Berkson and Wambach decided they wanted to take their educational speeches and turn them into a theatrical show. “Our inspiration was John Leguizamo’s stage show, Freak,” Mike added. In January of 2010, Handicap This! rolled onto the stage and made its debut.
The show’s purpose is to dispel myths and misunderstandings about cerebral palsy and handicaps, and also encourage others to overcome their own obstacles. Both Mike and Tim thoroughly enjoy performing the show for audiences. It gives Mike, who is often ignored, a platform to show off his chops and exercise the abilities he does have. The show also satisfies Wambach’s yearning to be a motivational speaker.
“People don’t think he can accomplish a lot,” Wambach says. “Physically he really can’t, but mentally he’s on overdrive. Always. He’s got more happening between his ears than anyone I know. He really enjoys proving people wrong.”
Berkson compares himself to a blind person whose other senses become sharper as a result of the blindness. “My mental state is not better or stronger, but it fires a little more quickly than an average person,” he says. As he tells the audience, “My body is in a wheelchair; my mind is not.” That is more than evident in their 80-minute show.
“On stage, Mike is triumphant,” Tim beams, “The audience gets to see Mike as MIKE, and they know immediately he’s intelligent and funny.” Mike chimes in, “Yeah, you don’t need to pull anyone’s shirt collar.”
Berkson insists he can mine humor from the most painful situations of which he has plenty of material. Having endured 12 surgeries, including having two 18-inch rods implanted in his spine so his organs won’t be crushed, Mike uses humor to face adversity.
They’ve dubbed themselves “two men and a wheelchair,” but their show is really about the journey of a handicapped kid with enormous smarts who grows up and the friend with enormous heart who has helped him navigate along the way. These are happy times to savor. The story of their 10-year friendship also has a raw side.
“Tim can only do so much to make my life easier. I’ve come to terms with the big things that I’ll never be able to do, but I have yet to come to terms with the daily everyday things I can’t do,” Mike says. “When I wake up in the morning, I know it’s going to be somewhat difficult. I know I’m going to get from point A to point B, but what unforeseen obstacles are going to arise?”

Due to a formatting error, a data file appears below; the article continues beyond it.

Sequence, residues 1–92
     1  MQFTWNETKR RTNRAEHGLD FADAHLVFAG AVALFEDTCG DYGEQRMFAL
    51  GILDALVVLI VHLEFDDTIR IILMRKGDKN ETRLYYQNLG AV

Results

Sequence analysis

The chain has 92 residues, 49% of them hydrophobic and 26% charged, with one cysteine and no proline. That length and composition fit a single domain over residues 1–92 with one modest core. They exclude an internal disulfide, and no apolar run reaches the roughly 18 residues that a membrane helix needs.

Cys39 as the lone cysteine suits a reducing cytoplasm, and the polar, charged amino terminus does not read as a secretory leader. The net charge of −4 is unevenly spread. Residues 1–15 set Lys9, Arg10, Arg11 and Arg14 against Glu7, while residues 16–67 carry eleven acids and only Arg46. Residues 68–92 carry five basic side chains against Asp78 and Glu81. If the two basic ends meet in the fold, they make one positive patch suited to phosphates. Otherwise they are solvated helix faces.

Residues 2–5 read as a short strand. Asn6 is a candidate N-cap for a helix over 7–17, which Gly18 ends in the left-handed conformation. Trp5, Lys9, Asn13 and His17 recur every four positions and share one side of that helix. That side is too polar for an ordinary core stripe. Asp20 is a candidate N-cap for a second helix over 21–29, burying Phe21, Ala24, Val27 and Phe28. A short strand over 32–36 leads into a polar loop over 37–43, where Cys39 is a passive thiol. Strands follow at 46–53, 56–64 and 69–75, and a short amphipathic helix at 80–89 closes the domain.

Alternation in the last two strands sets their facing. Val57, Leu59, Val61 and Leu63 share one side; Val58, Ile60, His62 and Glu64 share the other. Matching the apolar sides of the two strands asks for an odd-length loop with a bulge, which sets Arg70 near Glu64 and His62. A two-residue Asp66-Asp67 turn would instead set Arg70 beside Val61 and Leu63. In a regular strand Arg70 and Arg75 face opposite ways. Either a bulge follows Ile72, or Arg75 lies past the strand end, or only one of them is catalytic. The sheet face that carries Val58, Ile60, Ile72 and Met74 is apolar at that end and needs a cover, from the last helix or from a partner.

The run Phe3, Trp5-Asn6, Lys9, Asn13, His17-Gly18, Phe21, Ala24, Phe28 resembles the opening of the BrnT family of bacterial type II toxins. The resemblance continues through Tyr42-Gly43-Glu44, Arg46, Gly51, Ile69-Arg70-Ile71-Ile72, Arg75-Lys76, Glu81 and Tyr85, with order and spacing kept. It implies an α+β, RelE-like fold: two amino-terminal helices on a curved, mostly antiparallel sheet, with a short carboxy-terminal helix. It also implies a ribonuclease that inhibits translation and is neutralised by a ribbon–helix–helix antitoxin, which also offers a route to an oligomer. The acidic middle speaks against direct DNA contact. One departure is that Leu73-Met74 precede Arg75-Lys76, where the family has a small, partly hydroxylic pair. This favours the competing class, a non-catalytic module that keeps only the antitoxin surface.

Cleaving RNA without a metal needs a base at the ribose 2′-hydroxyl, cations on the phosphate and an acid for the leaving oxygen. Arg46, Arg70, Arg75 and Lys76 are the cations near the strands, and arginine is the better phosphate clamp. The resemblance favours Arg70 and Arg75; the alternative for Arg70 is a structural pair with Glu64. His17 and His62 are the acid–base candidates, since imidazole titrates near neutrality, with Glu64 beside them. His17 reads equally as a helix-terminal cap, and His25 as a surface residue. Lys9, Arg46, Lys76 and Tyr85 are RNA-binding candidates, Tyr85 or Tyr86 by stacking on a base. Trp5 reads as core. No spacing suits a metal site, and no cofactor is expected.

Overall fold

Wambach takes a lesson from his young friend, “It’s true. I can only do so much to help, but as Mike puts it, ‘it’s not about what I can’t do. It’s focusing on what I can do.'”
Berkson and Wambach are no strangers to standing ovations. “We have done the show 15 times and received 16 standing ovations. You do the math,” Berkson says. They’ve had public performances, recently rolling onto the stage at North Shore Center for the Performing Arts in Skokie, Illinois for three performances. They’ve also performed for middle school, high school, and college audiences. Their niche markets are the colleges and other handicap awareness organizations. They are working to find a sponsor for a national college tour.
One of their college fans includes Carl Ratner, an associate professor of voice at Western Michigan University, who attended a show. “It broke down walls,” he says. “It wasn’t so much the intellectual content. It was the emotional connection with Mike and Tim. I think you go through life and you see people and you just think that perhaps it’s better to stay in my little group. This show made it clear how we’re all losing by not connecting with all different kinds of people.”
Handicap This! continues to work in partnership with the Keep On Keeping On Foundation. Wambach has also written a short book chronicling their experiences, How We Roll, with all sales going directly to the foundation.
Both men know they’ll move on one day and pursue other things independently of one another, but they also know they will always be in each other’s lives. “I don’t see any end to our friendship,'” Wambach says. “We’ll be forever linked. We’ve kind of accepted that this is our wave and we’re going to ride it to wherever it takes us as long as we can.”
So far, their wave has taken them to many places. Hopefully Handicap This! will roll into a town near you!